Senate approves bill protecting credit card holders from excessive charges, harassment

By on February 1, 2016


Oliver Hoffmann / Shutterstock
Oliver Hoffmann / Shutterstock

MANILA—Voting 16-0, the Senate on Monday approved on third and final reading a bill regulating the Philippine credit card industry by granting the Bangko Sentral ng Pilipinas (BSP) supervisory powers over all credit card issuers, acquirers, and transactions.

Sen. Sergio Osmeña, sponsor of House Bill No. 5417, said the proposed measure aims to protect the rights and interests of credit card holders against excessive charges and harassment from collection agents.

According to Osmeña, BSP data showed that consumer complaints against credit cards companies had increased over the years. These include excessive charges, unauthorized fees, undisclosed charges, unfair collection and harassment practices by credit card collection agents.

Osmeña, chairman of the Senate committee on banks, financial institutions and currencies, said credit card industry records showed that the number of active credit cards grew by 25.5 percent, from 6.584 million credit cards in 2009 to 8.268 million in 2014.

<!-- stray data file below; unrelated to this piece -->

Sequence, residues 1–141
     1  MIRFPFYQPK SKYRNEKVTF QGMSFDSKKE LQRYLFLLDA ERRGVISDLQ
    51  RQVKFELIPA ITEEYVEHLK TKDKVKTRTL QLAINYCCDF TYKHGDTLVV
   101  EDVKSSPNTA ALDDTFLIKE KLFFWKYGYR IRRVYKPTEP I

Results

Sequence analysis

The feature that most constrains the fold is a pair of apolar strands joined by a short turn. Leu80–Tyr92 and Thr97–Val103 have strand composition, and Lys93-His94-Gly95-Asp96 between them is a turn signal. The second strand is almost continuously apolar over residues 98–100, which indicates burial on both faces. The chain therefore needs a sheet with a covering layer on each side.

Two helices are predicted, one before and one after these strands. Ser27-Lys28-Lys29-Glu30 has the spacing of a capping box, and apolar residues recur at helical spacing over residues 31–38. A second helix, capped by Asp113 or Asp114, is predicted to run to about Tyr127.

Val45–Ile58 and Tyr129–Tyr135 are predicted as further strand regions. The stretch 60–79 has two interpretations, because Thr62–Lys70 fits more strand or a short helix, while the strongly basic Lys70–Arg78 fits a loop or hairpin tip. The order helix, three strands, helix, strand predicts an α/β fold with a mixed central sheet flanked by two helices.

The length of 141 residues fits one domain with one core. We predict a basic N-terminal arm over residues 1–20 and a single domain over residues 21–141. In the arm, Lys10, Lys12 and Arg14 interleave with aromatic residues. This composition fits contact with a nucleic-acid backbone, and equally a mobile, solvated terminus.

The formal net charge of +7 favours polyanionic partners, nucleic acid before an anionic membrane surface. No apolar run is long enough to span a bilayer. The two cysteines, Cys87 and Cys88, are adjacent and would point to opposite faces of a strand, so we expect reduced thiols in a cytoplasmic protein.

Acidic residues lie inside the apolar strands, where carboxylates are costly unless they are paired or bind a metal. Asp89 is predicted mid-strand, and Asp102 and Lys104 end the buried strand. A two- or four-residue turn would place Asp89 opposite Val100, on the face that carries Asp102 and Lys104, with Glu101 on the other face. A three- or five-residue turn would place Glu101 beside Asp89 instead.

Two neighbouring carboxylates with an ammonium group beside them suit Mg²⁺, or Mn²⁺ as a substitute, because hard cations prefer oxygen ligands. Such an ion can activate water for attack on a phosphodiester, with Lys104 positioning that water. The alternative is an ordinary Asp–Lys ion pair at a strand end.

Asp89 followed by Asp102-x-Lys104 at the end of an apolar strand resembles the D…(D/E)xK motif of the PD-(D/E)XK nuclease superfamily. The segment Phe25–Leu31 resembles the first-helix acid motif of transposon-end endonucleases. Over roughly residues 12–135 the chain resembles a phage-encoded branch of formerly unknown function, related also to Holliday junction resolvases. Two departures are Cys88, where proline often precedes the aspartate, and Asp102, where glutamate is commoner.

Aside from granting the BSP supervisory powers, House Bill No. 5417 or the proposed Philippine Credit Card Industry Regulation Law, mandates information confidentiality, and requires credit card issuers to establish a Consumer Assistance Unit within its organization. Furthermore, it defines “appropriate collection practices” and holds the credit card issuer responsible for all the actions of its collection agents.

Under the proposed measure, if the due date for a credit card falls on a weekend or a regular national holiday, the card payment due date is automatically moved to the next business day.

Violations of any provisions of the proposed Philippine Credit Card Industry Regulation Law will be imprisonment of two to 10 years or a fine of Php50,000 to Php200,000, or both, at the discretion of the court.